firm the effects of supplementation of piperine in acute
AMP-activated protein kinase (AMPK) is an enzyme
that controls key players of metabolic pathways, such as
glycolysis and fatty acid oxidation [35, 36]. Although we
did not evaluate AMPK signaling in this study, piperine
may regulate the AMPK pathway, as shown in previous
reports  and supported by our current data. Previ-
ously, several in vitro and in vivo studies attempted to de-
termine the mechanisms through which piperine affects
fat metabolism [38–41]. Overall, our results show that
piperine treatment can improve the carbohydrate/fat me-
tabolism in skeletal muscle during acute exercise. Further
studies are needed to clarify the long-term effects of piper-
ine on exercise endurance capacity in athletes.
In conclusion, our findings suggest that piperine improve
beneficial energy metabolism during exercise by regulating
carbohydrate/fat metabolism without stimulating the innate
immune response or superoxide generation. Therefore, pip-
erine may have applications as a nutritional supplement for
improvement of exercise ability.
Additional file 1: Figure S1. Effects of piperine on the expression of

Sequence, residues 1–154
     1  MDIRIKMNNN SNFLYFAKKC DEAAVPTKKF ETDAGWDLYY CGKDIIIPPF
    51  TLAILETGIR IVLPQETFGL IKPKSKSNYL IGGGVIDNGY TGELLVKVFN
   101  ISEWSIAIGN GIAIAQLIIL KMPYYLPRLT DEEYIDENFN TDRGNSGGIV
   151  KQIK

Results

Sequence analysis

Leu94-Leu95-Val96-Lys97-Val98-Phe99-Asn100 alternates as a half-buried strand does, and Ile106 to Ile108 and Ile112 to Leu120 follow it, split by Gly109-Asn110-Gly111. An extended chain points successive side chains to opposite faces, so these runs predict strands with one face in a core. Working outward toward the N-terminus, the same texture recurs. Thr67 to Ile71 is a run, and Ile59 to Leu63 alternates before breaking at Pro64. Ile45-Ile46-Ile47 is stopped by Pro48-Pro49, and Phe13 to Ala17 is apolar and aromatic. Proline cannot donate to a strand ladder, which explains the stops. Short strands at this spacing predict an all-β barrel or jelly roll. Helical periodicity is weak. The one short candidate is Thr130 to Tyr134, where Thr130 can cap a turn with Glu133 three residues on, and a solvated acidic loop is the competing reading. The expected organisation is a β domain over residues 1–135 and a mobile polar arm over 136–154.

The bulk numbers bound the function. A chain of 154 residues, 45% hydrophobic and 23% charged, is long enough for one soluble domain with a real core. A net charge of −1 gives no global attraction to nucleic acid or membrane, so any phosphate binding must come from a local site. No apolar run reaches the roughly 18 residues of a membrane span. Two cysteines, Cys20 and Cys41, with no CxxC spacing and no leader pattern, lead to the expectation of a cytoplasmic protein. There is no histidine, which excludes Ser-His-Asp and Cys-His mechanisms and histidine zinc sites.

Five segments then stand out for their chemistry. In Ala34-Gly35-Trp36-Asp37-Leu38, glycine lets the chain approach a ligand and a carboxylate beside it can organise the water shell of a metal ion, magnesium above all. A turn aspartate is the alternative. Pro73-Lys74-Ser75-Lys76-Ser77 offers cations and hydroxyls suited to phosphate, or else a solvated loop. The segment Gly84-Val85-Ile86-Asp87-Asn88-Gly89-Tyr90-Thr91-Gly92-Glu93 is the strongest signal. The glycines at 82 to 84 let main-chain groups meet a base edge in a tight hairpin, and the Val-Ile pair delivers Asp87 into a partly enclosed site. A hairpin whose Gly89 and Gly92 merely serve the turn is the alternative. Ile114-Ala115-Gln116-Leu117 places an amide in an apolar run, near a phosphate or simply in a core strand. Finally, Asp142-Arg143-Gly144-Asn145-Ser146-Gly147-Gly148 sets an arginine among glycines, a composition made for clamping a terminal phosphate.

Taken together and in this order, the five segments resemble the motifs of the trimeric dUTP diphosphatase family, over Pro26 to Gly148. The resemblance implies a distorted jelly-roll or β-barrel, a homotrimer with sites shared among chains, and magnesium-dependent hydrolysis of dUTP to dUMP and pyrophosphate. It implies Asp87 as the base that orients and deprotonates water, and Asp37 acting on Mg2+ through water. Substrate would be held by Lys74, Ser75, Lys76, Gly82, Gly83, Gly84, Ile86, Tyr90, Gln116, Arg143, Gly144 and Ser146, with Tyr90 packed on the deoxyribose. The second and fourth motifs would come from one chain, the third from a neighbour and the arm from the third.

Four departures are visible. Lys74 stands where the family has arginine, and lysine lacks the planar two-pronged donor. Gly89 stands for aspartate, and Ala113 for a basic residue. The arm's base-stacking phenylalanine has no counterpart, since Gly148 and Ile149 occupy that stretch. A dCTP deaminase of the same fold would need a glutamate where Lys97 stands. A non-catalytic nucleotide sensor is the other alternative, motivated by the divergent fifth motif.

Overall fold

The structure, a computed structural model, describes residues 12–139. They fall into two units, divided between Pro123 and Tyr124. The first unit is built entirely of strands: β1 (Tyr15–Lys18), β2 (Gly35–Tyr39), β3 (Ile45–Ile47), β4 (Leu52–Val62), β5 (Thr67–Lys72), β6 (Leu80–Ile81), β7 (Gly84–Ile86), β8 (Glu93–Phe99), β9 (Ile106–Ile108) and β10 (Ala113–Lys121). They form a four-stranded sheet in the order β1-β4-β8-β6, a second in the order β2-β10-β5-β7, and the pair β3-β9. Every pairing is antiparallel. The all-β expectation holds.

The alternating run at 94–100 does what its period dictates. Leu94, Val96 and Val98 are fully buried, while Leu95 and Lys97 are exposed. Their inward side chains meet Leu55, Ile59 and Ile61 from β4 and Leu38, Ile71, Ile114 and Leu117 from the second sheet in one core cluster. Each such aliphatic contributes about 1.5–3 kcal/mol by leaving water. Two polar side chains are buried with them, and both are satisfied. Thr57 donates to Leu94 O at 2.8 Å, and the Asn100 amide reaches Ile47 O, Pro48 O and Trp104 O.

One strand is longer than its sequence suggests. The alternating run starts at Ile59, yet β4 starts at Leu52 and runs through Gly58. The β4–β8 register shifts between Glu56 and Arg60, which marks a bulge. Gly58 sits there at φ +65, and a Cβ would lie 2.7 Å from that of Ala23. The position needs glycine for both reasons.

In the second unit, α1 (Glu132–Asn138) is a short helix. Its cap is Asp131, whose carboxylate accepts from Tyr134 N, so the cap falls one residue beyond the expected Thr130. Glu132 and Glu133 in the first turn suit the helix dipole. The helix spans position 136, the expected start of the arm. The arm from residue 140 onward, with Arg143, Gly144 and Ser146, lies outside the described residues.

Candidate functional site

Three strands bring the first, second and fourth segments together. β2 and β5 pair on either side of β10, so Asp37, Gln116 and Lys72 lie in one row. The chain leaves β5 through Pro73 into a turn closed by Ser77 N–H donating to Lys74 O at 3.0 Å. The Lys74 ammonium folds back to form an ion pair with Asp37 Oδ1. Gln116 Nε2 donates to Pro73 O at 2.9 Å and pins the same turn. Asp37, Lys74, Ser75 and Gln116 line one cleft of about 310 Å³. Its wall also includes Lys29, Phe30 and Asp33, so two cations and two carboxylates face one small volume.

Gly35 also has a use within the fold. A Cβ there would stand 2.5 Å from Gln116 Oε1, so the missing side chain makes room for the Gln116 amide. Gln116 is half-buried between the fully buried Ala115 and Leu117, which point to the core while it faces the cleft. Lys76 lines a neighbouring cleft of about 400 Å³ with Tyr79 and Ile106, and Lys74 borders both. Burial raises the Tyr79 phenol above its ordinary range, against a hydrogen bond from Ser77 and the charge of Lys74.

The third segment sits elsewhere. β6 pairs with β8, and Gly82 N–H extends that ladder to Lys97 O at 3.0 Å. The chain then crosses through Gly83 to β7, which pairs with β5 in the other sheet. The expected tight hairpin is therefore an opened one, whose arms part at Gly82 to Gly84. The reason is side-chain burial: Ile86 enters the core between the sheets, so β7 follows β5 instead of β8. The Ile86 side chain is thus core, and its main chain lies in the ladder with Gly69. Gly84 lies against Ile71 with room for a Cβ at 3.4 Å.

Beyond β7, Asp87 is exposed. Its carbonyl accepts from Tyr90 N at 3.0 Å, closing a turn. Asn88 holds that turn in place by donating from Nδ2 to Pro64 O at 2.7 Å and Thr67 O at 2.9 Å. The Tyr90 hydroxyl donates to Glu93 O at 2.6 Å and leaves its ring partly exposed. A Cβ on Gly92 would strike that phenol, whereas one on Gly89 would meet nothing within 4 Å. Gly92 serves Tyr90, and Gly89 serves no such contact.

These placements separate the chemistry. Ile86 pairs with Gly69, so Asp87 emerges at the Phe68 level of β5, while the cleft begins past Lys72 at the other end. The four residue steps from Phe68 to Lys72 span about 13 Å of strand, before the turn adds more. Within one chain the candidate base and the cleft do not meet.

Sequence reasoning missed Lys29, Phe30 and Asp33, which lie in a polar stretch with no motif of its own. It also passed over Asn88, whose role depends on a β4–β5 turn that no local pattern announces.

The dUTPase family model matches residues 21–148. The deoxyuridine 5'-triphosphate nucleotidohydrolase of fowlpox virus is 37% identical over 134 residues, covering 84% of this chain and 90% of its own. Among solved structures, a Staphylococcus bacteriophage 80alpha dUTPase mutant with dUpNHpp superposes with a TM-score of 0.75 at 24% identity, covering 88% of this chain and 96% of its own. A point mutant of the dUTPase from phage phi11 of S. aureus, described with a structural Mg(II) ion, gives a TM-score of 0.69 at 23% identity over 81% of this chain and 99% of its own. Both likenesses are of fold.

glucose/fat metabolism-associated protein in the soleus muscle after
acute exercise. Total protein from soleus muscles was isolated, and the
expression of glucose metabolism-related genes was evaluated using
western blot. (JPEG 40 kb)
Additional file 2: Figure S2. Effects of piperine on exogenous hydrogen
peroxide (H2O2)-stimulated L6 skeletal muscle cells. L6 cells were treated
with piperine (10 μM) and presence or absence of H2O2 (100 μM) for 1
h. These morphological changes were observed by inverted microscope
(A). Reverse transcription polymerase chain reaction analysis was used to
determine CAT, NOX-1, APE/REF1 and Mn-SOD (B). These graphs are pre-
sented as mean ± standard error (P< 0.05). (JPEG 230 kb)
AMPK: AMP-activated protein kinase; ANOVA: Analysis of variance;
CPT1: Carnitine palmitoyltransferase 1; CS: Citrate synthase; FITC: Fluorescein
isothiocynanate; GLUT4: Glucose transporter type 4; IFN: Interferon;
IL: Interleukin; MCT1: Monocarboxylate transporter 1; Mn-SOD: Manganese
superoxide dismutase; NADPH: Nicotinamide adenine dinucleotide